The Fabelmans

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If you can take a guy who punched you in the nose and make him look like a hero in a movie, the sky’s the limit. That’s the implication of the last act of Steven Spielberg’s The Fabelmans, which tells a lightly fictionalized version of the story of young Spielberg as he gains a passion for movies — watching them and then making them. Here, Spielberg addresses an event that brought him and his siblings great pain at the time, his parents’ separation when Spielberg was 19, and sees it with enough distance to allow both parents humanity. He has made a memoir filled with compassion for everyone except, maybe, for an antisemitic kid who bullies Spielberg’s young avatar Sam Fabelman.

Sam (Gabriel LaBelle) gets the filmmaking bug when a trainwreck in The Greatest Show on Earth scares him. It’s fair to say Sam chases that emotional dragon — trying to recreate for his audiences that same sense of awe and fear — for the rest of his life; he asks for a train set so he can recreate the train crash and feel some control over it. That’s the diagnosis of his free-spirited mom Mitzi (Michelle Williams), a concert pianist. Like Spielberg, Sam partially takes after his mother — the creative part — and partially after his father, Burt (Paul Dano), an engineer — the technical, how-do-things-work part, the nuts and bolts of what gets a film in the can. Mitzi lends Sam his father’s camera so he can film the mini-crash once and just watch it over and over instead of doing it over and over. A director is born.

If Spielberg had attempted to make The Fabelmans at his manipulative-sentimental peak in the ‘80s, it would probably have been disastrous. His parents would still have been alive, and a concern over hurting their feelings held him back for decades. The way Spielberg portrays his parents now is far from unflattering or warts-and-all, but it’s not adulatory either; he gives them their due as human beings trying like hell to be good spouses and parents. There’s nothing like the shrill discord between Richard Dreyfuss and Teri Garr in Close Encounters of the Third Kind, in which one parent has to leave the family to follow happiness. But a man in his thirties directed that, and a man in his seventies has directed The Fabelmans, which allows that the frequently suggested path of seeking one’s bliss, whatever that might do to one’s relationships, is not easy.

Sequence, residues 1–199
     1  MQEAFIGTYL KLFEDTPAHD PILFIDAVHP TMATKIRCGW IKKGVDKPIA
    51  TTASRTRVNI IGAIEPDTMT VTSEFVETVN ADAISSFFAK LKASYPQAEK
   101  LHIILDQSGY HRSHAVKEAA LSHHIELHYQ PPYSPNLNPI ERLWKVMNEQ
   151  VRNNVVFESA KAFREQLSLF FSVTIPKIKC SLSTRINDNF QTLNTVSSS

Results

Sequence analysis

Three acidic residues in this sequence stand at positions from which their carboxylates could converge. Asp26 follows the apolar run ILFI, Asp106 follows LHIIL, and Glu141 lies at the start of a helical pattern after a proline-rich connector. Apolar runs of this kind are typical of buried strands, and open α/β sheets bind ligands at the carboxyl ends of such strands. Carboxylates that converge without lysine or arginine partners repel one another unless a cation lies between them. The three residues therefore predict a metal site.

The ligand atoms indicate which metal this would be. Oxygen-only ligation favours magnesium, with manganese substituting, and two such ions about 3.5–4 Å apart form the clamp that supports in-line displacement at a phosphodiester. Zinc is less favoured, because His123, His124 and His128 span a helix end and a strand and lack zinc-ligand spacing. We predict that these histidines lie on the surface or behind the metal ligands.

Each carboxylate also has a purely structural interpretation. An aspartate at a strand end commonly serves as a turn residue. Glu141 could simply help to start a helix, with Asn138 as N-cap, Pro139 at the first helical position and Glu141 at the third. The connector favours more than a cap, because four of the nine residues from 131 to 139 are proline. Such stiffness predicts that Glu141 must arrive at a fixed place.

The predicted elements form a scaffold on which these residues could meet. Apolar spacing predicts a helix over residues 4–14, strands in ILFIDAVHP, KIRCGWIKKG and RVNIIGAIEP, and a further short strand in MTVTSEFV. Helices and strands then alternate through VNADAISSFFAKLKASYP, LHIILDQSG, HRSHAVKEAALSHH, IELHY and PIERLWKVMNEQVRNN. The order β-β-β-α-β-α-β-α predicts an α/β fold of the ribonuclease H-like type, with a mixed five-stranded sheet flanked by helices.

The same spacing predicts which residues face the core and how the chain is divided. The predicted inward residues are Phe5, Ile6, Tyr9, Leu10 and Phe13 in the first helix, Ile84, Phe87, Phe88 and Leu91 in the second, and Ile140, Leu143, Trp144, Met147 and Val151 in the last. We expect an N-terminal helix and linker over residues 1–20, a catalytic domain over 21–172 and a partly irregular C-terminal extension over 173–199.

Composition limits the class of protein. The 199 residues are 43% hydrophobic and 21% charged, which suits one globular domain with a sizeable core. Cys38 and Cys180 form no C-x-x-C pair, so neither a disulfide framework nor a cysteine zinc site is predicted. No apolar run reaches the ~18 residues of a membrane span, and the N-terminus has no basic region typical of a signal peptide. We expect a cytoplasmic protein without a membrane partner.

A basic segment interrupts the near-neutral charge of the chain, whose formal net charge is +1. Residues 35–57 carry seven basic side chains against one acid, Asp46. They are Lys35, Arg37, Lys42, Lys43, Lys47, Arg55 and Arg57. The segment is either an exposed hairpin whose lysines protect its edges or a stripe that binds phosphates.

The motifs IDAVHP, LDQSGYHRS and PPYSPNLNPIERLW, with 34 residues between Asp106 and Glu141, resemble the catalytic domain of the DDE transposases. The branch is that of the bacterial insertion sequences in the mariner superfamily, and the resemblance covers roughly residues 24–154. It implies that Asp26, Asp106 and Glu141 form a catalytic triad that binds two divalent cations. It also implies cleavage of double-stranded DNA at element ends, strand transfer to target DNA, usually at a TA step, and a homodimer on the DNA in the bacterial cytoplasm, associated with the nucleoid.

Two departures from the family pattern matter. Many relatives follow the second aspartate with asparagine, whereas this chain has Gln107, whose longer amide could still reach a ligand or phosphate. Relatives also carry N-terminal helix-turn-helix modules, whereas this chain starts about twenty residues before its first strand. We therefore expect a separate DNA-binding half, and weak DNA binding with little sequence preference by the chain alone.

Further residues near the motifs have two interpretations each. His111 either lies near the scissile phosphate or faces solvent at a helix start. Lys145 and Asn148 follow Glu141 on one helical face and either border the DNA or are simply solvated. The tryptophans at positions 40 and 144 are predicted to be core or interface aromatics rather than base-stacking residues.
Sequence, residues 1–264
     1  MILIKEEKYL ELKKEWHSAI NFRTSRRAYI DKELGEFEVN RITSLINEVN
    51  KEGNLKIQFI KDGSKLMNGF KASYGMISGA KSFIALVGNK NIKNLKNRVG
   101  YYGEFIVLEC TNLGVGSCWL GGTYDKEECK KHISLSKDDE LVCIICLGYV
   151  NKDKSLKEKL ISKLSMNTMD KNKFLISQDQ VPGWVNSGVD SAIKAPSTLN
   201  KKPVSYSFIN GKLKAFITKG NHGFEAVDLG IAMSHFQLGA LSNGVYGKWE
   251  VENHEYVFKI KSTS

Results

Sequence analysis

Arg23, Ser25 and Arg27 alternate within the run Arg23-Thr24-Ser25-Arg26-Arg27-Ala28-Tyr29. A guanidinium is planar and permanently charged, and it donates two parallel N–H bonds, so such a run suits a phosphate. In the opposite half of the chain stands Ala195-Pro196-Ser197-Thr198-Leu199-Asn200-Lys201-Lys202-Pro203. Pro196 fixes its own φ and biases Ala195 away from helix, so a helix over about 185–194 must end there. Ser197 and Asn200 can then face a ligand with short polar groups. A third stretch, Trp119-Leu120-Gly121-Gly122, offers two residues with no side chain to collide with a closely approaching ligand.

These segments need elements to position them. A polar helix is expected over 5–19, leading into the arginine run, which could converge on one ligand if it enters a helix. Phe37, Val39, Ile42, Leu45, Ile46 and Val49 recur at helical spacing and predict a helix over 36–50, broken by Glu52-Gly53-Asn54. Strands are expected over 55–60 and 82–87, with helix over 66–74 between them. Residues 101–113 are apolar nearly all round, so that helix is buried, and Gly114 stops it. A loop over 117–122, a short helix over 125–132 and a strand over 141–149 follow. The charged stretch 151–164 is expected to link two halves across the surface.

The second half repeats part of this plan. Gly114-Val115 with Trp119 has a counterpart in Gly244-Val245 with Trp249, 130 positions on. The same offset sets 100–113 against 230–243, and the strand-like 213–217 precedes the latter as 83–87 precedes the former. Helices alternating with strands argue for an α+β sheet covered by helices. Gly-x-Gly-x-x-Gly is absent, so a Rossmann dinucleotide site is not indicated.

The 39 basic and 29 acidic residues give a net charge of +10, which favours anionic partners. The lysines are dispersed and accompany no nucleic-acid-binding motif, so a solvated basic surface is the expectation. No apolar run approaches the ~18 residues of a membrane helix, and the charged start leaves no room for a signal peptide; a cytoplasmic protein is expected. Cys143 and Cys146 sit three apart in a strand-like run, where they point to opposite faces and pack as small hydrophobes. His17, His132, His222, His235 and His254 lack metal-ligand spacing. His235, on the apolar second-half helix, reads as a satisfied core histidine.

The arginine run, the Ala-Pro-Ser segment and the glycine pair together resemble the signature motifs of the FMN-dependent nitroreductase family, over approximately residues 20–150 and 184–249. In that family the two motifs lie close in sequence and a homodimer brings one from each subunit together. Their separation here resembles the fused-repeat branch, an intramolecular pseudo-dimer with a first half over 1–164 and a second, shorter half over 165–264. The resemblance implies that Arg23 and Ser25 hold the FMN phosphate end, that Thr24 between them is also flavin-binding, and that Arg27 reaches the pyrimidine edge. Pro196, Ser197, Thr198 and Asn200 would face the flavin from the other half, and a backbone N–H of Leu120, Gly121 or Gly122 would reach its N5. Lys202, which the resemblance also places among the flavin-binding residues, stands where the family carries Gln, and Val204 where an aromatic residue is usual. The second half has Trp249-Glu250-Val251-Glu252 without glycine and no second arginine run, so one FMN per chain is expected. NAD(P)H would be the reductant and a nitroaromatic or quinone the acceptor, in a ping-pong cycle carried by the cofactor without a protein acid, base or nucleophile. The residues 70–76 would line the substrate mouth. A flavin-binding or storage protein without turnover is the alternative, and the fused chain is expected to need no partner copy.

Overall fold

Spielberg gives us a few fun, amusing montages showing young Sam making westerns or war pictures, but they don’t seem central. The Fabelmans uses the filmmaking sequences to bring out the theme of compassion through one’s art, and that isn’t confined to movies. Spielberg’s handling of the kid who punches Sam is interesting and worth discussing. Filming his senior class’ “ditch day” at the beach, Sam could easily make the kid look foolish, but instead the camera lingers on the kid’s shirtless virtuosity at the volleyball net. After the movie screens for the class, the kid, upset, doesn’t understand why Sam filmed him so iconically. Sam doesn’t either. Sometimes the camera knows what it likes, and sometimes it likes bullies. The script by Spielberg and Tony Kushner has these sorts of ambiguities running all through it.

Spielberg’s direction is clean and free of unnecessary motion. He takes a page from John Ford (wonderfully embodied here by David Lynch), who crustily advises young Sam to pay attention to the horizon in his shots. The horizon’s placement, as the director of The Searchers knew, can lock in a thousand words in one image, and Spielberg does likewise here. In The Searchers, the famous last shot contains John Wayne in a narrow frame formed by a doorway and the horizon, suggesting his character’s ethos is better off boxed up or buried. Spielberg turns the horizon into a quick visual joke that nonetheless tilts up to offer Sam the sky and all its limits. It’s a generous, smoothly rendered work, among Spielberg’s best.

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